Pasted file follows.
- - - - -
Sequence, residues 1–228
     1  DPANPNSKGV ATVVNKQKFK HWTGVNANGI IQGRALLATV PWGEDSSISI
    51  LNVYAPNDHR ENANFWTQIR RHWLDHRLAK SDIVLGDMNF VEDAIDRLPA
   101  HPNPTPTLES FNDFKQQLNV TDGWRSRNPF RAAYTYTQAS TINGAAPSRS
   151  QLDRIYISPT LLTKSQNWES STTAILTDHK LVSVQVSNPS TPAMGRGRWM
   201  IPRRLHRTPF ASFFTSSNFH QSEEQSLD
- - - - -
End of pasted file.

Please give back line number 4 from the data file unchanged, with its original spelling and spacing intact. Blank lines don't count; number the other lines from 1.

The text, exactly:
   101  HPNPTPTLES FNDFKQQLNV TDGWRSRNPF RAAYTYTQAS TINGAAPSRS